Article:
Camera type: Autofocus non-SLR
Approx. dates of manufacture: 1986
Approx. original price: unknown
Approx. street value: very low
I bought this for the sole, stupid reason that it came with a really nice, custom-fitted leatherette case for $5. The case itself was worth that much.
This is yet another simple Canon p&s. Without being too condescending, I don't know if there's really a dime's worth of difference between this and the other Sure Shots I have (a New Sure Shot and a Z85) but there you are.
The most interesting thing about this was trying to find the battery compartment. I'm usually good at these things, but I messed with it for an hour and I couldn't come up with it. My father finally realized that the battery cover is on the side with the strap (left hand side in the photo above) and it's held in with two tiny screws! This is the only Canon camera I've ever seen where you have to use a jeweler's screwdriver to open up the battery compartment. I suppose Canon figured the battery would last longer than the camera and wouldn't need to be replaced.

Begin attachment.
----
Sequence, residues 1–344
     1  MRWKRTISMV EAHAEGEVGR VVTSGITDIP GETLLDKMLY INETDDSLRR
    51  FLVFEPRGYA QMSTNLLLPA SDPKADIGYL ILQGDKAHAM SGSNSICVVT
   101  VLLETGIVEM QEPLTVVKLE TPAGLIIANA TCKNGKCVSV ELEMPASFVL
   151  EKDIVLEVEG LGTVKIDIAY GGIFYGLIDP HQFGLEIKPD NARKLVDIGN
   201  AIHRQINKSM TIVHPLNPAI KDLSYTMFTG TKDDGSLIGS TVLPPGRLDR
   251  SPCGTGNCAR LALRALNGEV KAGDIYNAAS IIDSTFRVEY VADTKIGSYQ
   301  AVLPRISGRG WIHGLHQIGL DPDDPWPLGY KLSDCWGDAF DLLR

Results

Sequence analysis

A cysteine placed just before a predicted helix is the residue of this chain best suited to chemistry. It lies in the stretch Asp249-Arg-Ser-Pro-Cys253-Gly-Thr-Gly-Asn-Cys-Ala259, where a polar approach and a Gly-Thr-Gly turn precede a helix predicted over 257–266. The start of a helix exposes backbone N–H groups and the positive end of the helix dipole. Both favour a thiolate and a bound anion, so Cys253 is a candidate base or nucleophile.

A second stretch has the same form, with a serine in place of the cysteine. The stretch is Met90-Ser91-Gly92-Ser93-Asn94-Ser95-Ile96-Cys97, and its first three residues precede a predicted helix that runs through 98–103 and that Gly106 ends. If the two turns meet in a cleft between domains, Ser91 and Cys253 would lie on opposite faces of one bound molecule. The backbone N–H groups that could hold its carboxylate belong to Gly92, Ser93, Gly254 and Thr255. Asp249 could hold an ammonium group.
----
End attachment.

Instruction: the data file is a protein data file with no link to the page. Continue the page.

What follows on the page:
The other really goofy thing is a little plastic thing on the bottom of the camera that you can turn so that it sticks out. Why? Turns out it rocks the camera back 16° so that you can set it on a tabletop and take a self-portrait. I kid you not. Both of these are confirmed by the owner's manual over at Mike Butkus's website.
In Japan this is called the Autoboy 3, and in Europe it's the Top Shot.
Camera manual: Orphan Cameras.com